OAN’s Brooke Mallory
3:50 PM – Monday, January 15, 2024
Following complications from prostate cancer surgery, Defense Secretary Lloyd Austin was released from Walter Reed National Military Medical Center on Monday, according to a Pentagon statement.
“The Secretary continues to recover well and, on the advice of doctors, will recuperate and perform his duties remotely for a period of time before returning full-time to the Pentagon,” the statement said. “He has full access to required secure communications capabilities.”
After it became apparent that no one, not even the president, was aware for many days that Austin was hospitalized on New Year’s Day, had undergone surgery for prostate cancer, or was experiencing difficulties after the treatment, his admission became contentious.
According to Dr. John Maddox, trauma medical director, and Dr. Gregory Chesnut, head of the Center for Prostate Disease Research at Walter Reed’s Murtha Cancer Center, Austin made “great progress” throughout his stay and is now “regaining strength.”
“He underwent a series of medical tests and evaluations and received non-surgical care during his stay to address his medical needs, to include resolving some lingering leg pains,” the doctors’ statement read. “He was discharged home with planned physical therapy and regular follow-up. The Secretary is expected to make a full recovery.”
“He has no planned further treatment for his cancer other than regular post-prostatectomy surveillance,” they continued, noting that the cancer was treated very early, which made his prognosis “excellent.”
A document acquired by NPR said that the White House reexamined guidelines for Cabinet members due to the secrecy surrounding Austin’s hospitalization. According to John Kirby, the coordinator for strategic communications at the National Security Council in the White House, President Biden still “has faith in Austin” but also complained that it took too long for him to be informed.
“It is not optimal for a situation like this to go as long as it did without the commander in chief knowing about it, or the national security adviser knowing about it, or frankly, other leaders at the department of defense. That’s not the way this is supposed to happen,” Biden said.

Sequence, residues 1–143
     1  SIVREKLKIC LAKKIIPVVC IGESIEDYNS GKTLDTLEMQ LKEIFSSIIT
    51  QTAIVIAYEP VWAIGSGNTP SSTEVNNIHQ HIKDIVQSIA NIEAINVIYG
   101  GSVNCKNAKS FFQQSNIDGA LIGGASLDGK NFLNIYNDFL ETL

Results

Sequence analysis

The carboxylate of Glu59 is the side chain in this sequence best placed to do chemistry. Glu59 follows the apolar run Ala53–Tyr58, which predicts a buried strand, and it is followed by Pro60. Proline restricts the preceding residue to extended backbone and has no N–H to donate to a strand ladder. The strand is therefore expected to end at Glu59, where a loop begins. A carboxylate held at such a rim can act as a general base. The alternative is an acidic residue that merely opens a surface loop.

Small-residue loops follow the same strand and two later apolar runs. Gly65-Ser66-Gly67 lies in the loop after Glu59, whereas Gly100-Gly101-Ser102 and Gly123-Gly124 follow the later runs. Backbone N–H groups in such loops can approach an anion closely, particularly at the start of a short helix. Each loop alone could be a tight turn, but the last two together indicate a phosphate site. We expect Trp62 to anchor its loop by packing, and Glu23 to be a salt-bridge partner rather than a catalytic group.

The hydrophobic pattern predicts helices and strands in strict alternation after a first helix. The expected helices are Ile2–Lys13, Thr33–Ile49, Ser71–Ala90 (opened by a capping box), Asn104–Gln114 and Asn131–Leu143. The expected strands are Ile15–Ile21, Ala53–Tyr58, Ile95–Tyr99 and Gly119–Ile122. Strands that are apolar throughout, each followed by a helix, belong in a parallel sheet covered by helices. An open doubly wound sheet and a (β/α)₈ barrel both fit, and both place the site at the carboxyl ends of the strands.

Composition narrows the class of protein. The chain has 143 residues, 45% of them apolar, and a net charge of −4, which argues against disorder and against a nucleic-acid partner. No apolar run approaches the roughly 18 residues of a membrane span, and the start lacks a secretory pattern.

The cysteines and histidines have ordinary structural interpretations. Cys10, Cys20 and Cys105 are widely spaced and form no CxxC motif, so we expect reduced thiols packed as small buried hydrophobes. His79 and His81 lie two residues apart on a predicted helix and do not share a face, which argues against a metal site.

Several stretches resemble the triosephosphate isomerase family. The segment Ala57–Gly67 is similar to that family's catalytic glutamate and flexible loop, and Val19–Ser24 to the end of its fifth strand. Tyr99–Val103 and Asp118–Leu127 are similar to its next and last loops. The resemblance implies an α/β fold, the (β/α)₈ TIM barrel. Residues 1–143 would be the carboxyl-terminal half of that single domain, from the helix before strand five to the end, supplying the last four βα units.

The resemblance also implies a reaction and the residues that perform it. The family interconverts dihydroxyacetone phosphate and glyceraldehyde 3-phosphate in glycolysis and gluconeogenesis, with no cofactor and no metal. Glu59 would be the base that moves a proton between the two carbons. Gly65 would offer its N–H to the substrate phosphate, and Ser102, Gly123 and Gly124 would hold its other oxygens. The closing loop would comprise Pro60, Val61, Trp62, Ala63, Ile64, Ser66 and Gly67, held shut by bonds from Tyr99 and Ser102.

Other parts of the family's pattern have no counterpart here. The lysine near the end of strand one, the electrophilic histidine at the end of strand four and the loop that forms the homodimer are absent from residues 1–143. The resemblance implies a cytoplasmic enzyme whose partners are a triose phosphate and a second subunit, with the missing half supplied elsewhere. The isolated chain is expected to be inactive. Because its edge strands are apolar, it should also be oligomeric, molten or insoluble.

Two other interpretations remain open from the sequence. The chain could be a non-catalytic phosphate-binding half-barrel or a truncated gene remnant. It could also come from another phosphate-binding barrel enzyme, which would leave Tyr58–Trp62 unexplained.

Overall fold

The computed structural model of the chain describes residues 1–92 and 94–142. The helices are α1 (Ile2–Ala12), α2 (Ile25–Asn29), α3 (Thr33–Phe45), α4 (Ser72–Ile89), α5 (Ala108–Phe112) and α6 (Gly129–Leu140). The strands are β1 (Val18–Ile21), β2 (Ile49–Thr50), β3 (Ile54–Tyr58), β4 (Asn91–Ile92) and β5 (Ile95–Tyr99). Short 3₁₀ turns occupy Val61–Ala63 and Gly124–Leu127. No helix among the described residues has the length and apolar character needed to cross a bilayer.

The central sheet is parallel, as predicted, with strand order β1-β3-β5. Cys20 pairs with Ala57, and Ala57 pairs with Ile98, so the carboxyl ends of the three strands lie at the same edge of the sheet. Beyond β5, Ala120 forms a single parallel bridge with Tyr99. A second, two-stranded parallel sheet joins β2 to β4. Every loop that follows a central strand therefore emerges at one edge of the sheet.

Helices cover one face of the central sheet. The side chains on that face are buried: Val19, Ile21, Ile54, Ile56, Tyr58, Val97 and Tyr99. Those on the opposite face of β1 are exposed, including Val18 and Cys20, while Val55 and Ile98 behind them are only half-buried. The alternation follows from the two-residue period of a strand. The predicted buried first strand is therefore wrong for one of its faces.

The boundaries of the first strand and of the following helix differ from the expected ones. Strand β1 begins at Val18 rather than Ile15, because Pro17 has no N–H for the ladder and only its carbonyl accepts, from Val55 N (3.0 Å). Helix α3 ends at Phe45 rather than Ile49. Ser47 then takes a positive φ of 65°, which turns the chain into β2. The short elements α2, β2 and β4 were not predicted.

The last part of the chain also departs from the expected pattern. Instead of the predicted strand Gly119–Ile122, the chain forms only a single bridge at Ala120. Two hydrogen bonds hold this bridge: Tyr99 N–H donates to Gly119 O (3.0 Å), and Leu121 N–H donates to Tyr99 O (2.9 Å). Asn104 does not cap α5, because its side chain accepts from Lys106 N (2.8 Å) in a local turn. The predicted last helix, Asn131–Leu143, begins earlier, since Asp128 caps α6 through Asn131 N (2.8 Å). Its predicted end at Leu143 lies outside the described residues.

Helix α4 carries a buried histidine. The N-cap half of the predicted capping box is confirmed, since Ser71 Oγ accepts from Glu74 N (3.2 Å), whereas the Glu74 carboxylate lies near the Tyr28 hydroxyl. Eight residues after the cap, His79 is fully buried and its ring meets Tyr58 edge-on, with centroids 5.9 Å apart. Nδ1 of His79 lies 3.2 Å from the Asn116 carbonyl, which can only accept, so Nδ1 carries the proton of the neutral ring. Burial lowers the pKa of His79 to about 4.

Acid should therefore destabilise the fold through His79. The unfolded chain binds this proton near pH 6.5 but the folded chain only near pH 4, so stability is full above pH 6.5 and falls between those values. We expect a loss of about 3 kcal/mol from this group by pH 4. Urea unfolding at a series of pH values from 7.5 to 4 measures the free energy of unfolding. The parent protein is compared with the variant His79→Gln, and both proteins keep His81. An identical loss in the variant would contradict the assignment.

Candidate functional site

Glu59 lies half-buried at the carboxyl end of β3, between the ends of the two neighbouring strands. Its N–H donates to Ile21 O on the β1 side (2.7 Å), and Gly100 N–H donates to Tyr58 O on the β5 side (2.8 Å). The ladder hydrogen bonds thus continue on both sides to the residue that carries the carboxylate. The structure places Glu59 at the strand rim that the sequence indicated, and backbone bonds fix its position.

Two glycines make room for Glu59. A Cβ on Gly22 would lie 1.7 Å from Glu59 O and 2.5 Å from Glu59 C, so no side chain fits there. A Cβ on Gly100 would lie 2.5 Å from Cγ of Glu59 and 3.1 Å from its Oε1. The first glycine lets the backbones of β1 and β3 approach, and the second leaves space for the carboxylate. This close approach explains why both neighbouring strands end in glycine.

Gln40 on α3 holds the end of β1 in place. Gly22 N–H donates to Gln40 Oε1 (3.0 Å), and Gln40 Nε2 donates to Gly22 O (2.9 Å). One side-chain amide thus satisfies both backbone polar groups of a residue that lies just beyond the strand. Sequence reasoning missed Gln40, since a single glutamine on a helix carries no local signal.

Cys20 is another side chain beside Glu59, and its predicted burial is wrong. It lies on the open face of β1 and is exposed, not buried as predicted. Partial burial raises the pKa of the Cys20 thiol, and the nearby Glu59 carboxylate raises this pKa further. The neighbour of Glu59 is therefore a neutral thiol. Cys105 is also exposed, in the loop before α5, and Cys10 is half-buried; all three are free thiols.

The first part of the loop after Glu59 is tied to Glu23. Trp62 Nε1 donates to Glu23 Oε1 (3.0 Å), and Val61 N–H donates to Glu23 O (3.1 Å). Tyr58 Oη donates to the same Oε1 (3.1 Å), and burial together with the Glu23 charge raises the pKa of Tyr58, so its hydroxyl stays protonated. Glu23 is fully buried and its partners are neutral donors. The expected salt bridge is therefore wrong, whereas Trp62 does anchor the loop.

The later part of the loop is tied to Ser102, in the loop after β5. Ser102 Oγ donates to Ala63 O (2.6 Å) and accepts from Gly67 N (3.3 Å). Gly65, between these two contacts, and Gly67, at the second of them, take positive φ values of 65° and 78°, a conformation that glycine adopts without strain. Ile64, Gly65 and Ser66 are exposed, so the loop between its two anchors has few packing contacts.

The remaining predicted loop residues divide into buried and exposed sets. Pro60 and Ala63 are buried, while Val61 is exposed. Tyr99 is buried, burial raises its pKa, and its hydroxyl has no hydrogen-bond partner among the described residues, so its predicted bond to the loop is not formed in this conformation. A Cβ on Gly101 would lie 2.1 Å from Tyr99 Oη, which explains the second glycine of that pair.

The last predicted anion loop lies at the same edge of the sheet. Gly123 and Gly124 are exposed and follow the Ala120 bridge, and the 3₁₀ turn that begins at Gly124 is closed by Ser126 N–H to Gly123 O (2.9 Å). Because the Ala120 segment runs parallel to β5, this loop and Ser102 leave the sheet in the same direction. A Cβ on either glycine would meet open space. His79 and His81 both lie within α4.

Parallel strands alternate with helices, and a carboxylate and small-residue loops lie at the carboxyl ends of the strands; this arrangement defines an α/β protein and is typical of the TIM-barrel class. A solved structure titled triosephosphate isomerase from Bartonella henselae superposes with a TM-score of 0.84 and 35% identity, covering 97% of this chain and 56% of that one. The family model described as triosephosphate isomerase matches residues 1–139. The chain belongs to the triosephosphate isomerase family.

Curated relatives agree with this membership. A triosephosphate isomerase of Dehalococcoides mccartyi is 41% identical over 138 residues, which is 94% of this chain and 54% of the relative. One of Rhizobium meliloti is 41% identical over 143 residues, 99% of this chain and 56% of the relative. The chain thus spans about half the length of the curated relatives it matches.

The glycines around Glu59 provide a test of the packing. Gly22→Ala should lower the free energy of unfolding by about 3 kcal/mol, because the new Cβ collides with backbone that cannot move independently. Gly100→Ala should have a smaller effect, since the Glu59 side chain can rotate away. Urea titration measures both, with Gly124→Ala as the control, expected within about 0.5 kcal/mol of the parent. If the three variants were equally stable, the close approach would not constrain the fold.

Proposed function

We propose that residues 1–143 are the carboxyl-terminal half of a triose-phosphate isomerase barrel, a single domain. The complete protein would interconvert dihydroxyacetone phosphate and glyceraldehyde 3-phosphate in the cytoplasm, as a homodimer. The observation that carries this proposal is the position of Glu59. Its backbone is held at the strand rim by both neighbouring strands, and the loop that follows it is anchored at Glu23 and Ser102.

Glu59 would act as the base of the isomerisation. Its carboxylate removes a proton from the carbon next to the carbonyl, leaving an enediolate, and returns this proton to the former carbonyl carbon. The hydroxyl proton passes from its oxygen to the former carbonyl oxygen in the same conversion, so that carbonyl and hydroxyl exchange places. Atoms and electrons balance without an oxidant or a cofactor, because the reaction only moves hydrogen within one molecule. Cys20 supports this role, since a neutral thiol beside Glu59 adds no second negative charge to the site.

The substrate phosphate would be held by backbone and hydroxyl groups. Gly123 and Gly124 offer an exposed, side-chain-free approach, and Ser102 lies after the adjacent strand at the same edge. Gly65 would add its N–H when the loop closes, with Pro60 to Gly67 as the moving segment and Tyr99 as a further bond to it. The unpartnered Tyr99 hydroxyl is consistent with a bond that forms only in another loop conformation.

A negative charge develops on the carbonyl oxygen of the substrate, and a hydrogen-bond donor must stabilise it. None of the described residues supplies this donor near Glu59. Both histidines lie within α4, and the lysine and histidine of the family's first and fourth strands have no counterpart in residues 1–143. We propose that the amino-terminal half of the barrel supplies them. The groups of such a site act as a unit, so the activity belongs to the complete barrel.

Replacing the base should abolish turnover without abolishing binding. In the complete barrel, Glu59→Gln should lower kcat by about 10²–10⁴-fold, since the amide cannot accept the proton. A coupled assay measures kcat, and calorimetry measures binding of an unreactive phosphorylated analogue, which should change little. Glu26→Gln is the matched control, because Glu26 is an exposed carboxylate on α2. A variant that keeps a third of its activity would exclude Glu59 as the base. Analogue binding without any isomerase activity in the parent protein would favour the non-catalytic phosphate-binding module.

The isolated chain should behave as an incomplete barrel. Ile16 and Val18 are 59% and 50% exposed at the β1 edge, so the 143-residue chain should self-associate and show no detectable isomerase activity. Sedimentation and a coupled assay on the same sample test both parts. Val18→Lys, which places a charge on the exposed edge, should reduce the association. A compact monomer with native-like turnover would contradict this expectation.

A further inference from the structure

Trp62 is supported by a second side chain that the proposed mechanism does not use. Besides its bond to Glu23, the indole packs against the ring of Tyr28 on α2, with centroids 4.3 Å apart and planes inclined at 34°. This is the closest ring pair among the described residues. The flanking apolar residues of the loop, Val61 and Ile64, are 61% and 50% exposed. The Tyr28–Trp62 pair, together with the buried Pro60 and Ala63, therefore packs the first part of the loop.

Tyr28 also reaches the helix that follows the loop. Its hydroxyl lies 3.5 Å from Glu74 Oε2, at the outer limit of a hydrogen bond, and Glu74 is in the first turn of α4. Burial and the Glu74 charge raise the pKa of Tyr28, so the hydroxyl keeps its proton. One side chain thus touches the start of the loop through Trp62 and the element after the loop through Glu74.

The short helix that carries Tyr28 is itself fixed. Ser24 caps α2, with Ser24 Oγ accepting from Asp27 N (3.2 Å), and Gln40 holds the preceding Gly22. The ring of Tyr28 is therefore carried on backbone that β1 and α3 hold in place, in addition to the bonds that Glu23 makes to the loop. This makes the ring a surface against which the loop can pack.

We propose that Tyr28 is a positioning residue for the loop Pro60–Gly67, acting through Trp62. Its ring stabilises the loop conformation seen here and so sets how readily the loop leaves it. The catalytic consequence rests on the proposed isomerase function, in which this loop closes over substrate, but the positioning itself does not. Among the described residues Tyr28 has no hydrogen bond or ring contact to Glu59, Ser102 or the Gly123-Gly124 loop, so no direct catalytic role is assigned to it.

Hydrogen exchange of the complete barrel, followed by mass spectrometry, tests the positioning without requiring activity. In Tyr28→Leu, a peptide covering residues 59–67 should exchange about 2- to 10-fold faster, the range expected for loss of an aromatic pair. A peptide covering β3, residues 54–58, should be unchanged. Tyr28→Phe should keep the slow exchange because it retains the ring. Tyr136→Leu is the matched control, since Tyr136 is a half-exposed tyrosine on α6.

After a routine check-up, Austin’s prostate cancer was discovered in early December 2023. On December 22nd, the defense secretary had a prostatectomy, which is the surgical excision of the prostate gland. At the time of this surgery, he was under general anesthesia, however, the White House was reportedly not informed of this. After his operation, he was healthy enough to go home the next morning.
On January 1st, Austin was then taken to Walter Reed in order to combat certain issues arising from the treatment on December 22nd, including nausea and excruciating pain in his legs, hips, and abdomen. A urinary tract infection (UTI) was found during the initial assessment.
When he was moved to the intensive care unit the next day, it was discovered that he had collections of abdominal fluid that were impairing the function of his small intestine.
Austin also now admits that he could “have done a better job ensuring the public was appropriately informed. I commit to doing better. But this is important to say: this was my medical procedure, and I take full responsibility for my decisions about disclosure.”
Prostate cancer is the most common cancer in men in the United States. It affects 1 in every 8 men, as well as 1 in every 6 Black men.
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